To most Asians, the cross does not make sense. If anything, its appeal is very negative. Why glorify the brutal death of Jesus?
If Jesus were just a great teacher, his crucifixion would just be another tragic event in history. But it was far more than that, because he was far more than a great teacher. God chose to become a man and come humbly to earth in an effort to reconcile to himself as many of mankind as would believe in him and follow him. So Jesus voluntarily submitted himself to be crucified to pay the penalty of death for the rebelliousness of the human race.
To better appreciate all this let’s take a look at an analogy from what could have been part of American history.
Suppose we had lost the Revolutionary War. All the signers of the Declaration of Independence were captured, bound in chains and deported to England for trial, along with hundreds of other POWs.
King George III of England had issued a special decree during the uproar in the American colonies before the war began. Many public leaders advocated not paying taxes to the British government, inciting armed rebellion against the Crown. The King’s decree bluntly declared that the minimum penalty for such treason was hanging.
As the day for the trial of the revolutionary leaders and the American POWs approached, King George was quite grieved. He knew well that many of the signers were great men. They were able leaders of their respective colonies, such as George Washington, Benjamin Franklin, Thomas Jefferson, John Adams and John Hancock. He could not bear to hang all of them, as well as hundreds of other POWs.
The King sought a reduced penalty as an alternative—20 years hard labor in prison. However, Parliament demanded justice. They all must be executed. Many in Parliament felt the King didn’t have the power to reduce the sentences. Yet, since no one had disputed his power to issue the original decree of high treason, he arguably had the power to modify his own decree.
The king was very sorrowful. If he had allowed the American colonies to have representatives in Parliament, war would have been avoided. Out of his great remorse, he made a radical proposal. He himself would be hung instead of the leaders of the revolution. The only way this substitution could be seen as adequate was that George was King and ultimate Judge of the British Empire. So, Parliament accepted the King’s proposal. The King was hung. All 700 of the American captives were released and returned to America and the American colonies were given representation in Parliament.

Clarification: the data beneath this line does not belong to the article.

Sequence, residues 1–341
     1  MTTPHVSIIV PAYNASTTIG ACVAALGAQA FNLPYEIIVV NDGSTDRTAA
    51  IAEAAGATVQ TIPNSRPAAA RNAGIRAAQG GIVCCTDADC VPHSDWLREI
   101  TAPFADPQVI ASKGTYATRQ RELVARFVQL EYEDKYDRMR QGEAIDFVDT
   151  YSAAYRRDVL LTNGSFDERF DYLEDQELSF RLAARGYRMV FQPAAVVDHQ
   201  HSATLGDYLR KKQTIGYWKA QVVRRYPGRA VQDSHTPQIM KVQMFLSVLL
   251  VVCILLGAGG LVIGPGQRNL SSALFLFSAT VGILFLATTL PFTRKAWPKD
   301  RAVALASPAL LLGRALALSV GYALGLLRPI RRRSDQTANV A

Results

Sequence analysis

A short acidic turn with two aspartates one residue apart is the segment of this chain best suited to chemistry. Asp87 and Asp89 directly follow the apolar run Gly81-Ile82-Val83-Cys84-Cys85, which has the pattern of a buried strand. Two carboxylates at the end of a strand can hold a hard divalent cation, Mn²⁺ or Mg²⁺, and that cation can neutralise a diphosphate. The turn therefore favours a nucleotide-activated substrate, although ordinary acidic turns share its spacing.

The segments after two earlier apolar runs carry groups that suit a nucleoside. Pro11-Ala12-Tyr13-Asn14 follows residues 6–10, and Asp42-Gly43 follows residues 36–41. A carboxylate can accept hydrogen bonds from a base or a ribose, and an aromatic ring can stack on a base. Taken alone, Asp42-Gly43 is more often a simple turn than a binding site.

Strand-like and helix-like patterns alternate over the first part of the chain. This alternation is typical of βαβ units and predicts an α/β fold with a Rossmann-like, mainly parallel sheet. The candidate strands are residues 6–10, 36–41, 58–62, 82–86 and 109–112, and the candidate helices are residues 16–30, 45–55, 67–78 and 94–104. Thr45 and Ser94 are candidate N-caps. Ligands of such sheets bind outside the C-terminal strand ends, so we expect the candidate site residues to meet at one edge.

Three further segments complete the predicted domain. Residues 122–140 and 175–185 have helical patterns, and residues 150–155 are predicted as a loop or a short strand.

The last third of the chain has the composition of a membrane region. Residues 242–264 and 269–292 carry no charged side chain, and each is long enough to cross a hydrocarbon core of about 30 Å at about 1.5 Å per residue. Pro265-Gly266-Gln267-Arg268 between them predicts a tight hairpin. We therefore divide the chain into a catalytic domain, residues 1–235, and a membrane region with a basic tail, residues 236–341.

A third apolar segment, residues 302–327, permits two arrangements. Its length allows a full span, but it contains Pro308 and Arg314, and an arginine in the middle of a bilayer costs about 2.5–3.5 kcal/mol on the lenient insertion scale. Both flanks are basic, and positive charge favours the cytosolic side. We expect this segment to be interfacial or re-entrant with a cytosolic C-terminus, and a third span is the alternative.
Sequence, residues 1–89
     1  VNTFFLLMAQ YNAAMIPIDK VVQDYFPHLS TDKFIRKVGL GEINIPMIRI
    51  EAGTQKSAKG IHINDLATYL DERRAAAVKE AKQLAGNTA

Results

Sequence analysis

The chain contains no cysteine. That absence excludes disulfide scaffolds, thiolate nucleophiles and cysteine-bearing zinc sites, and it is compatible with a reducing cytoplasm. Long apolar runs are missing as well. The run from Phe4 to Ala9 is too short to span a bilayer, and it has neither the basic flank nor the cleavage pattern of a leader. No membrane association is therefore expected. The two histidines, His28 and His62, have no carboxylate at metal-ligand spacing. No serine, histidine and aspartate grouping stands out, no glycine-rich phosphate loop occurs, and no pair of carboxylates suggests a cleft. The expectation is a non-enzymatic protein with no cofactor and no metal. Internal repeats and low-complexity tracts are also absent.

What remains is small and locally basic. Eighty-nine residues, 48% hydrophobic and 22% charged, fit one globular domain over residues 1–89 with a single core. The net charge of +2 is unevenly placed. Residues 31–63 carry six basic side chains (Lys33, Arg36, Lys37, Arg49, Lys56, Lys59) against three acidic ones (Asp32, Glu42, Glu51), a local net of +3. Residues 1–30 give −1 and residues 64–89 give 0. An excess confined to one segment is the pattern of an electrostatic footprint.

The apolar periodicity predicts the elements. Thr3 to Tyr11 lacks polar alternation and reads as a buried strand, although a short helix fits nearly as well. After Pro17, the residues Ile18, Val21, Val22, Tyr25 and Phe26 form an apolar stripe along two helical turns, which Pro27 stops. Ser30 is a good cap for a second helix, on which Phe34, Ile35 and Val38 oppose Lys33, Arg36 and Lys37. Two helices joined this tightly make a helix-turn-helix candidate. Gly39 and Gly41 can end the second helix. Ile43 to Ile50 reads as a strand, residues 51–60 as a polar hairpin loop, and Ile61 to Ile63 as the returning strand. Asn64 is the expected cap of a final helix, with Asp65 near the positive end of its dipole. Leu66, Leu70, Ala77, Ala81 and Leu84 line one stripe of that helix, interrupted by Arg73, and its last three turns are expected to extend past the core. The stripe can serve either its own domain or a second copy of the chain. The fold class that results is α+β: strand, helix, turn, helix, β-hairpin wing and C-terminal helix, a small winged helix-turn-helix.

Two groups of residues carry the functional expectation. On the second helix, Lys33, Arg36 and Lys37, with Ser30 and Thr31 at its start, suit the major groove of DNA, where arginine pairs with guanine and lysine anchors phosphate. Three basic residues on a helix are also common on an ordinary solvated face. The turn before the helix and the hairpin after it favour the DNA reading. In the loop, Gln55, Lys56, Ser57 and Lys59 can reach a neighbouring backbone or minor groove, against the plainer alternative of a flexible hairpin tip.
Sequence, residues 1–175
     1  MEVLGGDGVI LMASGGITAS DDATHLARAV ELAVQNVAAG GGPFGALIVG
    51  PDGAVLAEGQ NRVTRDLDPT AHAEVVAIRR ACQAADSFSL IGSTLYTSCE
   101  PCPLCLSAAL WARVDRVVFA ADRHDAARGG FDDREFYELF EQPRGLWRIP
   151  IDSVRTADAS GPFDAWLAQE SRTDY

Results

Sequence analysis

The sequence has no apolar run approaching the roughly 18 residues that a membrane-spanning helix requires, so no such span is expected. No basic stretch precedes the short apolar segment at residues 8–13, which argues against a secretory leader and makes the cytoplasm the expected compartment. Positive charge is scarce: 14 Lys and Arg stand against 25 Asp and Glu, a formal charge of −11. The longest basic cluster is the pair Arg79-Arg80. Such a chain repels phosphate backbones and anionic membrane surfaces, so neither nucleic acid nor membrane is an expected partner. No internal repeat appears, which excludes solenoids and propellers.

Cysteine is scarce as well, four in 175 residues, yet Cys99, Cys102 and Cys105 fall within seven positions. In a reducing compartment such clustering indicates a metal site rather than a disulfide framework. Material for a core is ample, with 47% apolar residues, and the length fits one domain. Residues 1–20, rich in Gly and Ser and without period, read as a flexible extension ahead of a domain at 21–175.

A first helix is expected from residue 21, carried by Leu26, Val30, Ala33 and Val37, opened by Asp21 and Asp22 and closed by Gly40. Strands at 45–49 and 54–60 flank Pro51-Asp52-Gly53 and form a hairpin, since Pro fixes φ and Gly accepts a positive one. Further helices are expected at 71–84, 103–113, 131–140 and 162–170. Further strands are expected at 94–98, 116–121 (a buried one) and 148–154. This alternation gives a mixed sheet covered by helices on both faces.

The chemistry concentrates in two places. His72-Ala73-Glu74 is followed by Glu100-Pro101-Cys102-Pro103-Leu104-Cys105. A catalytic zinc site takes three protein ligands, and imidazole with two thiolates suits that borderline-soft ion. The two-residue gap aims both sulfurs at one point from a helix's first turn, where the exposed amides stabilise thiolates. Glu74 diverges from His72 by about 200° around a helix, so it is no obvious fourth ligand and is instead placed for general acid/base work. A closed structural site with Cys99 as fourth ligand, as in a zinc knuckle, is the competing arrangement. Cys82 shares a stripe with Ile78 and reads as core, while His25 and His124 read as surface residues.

Why did Jesus volunteer to be executed?
Jesus volunteered to suffer the death penalty to release people from guilt for their rebellion against God. His sacrifice was sufficient because He was God and ultimate Judge of all human beings. So, the divinity of Jesus was essential for him to be an acceptable substitute for all of mankind for the death penalty that we all face. To be spared of their guilt, however, each person must willingly accept his astonishing act of mercy and grace.
In the days of Noah, God deeply regretted creating mankind.
Then the Lord saw that the wickedness of man was great in the earth, and that every intent of the thoughts of his heart was only evil continually. And the Lord was sorry that He had made man on the earth, and He was grieved in His heart. So the Lord said, “I will destroy man whom I have created from the face of the earth, both man and beast, creeping thing and birds of the air, for I am sorry that I have made them.” But Noah found grace in the eyes of the Lord.
Jesus, being one with God, took part in this sorrow. He also wept over Jerusalem. The context makes it clear that Jesus wept because Jerusalem had again rejected one of God’s prophets (himself) and sought his death. Yet he may also have wept because he felt responsible for participating in creating the human race and granting it free will, making possible the epidemic of spiritual rebellion and wickedness among all human beings. So his volunteering to be sacrificed may well have been due partly to his sorrow over this.
Is the death penalty unfair?
Isn’t God’s insistence on the death penalty unjust and excessive? Let’s look at the context of this decree. God had created the Garden of Eden for Adam and Eve to live in. It was truly paradise, yet there was one condition. Neither of them were to eat of the fruit of the tree of life in the middle of the garden. They chose to disobey and God gave this decree to Adam:
Cursed is the ground for your sake; in toil you shall eat of it all the days of your life. Both thorns and thistles it shall bring forth for you, and you shall eat the herb of the field. In the sweat of your face you shall eat bread till you return to the ground, for out of it you were taken; for dust you are, and to dust you shall return.
Later, in the book of Ezekiel, God (and Jesus) gave this decree: “Behold, all souls are Mine…The soul who sins will die.”
This may seem unfair unless we consider that each human life is a gift from God, not a right. Each individual life is a miracle, not a routine happening. As Job said,
Naked I came from my mother’s womb, and naked shall I return there. The Lord gave, and the Lord has taken away; Blessed be the name of the Lord.
What about the Buddha?
Though Buddha possessed great wisdom and legends of supernatural powers, he bowed dutifully to karma as the undisputed king of the universe. He did not have the power to alter the operation of karma. Yet Jesus has that power, and on the basis of his divine person and authority, he can free an individual from the guilt of all their past wrongdoings.
 Genesis 6:5-8 (NKJV).
 Luke 19:41.
 Genesis 3:17-19 (NKJV).
 Ezekiel 18:4 (NASB).
 Job 1:21 (NKJV).